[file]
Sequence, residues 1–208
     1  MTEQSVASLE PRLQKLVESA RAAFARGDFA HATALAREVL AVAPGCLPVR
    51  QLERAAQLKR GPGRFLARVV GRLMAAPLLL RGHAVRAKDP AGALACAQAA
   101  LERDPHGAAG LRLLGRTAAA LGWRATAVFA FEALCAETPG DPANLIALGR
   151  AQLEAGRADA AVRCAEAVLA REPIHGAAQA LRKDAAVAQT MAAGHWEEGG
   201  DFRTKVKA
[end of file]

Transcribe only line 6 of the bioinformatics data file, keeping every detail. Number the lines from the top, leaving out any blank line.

   201  DFRTKVKA